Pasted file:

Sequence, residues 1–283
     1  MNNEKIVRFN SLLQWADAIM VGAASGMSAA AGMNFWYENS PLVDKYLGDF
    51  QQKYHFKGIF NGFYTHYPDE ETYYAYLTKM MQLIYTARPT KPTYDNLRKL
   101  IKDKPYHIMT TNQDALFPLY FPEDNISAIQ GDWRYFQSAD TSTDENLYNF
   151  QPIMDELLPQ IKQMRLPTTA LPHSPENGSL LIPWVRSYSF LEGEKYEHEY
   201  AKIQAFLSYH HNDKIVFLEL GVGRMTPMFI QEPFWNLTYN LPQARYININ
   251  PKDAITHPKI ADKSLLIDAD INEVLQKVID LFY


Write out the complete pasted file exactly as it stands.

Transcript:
Sequence, residues 1–283
     1  MNNEKIVRFN SLLQWADAIM VGAASGMSAA AGMNFWYENS PLVDKYLGDF
    51  QQKYHFKGIF NGFYTHYPDE ETYYAYLTKM MQLIYTARPT KPTYDNLRKL
   101  IKDKPYHIMT TNQDALFPLY FPEDNISAIQ GDWRYFQSAD TSTDENLYNF
   151  QPIMDELLPQ IKQMRLPTTA LPHSPENGSL LIPWVRSYSF LEGEKYEHEY
   201  AKIQAFLSYH HNDKIVFLEL GVGRMTPMFI QEPFWNLTYN LPQARYININ
   251  PKDAITHPKI ADKSLLIDAD INEVLQKVID LFY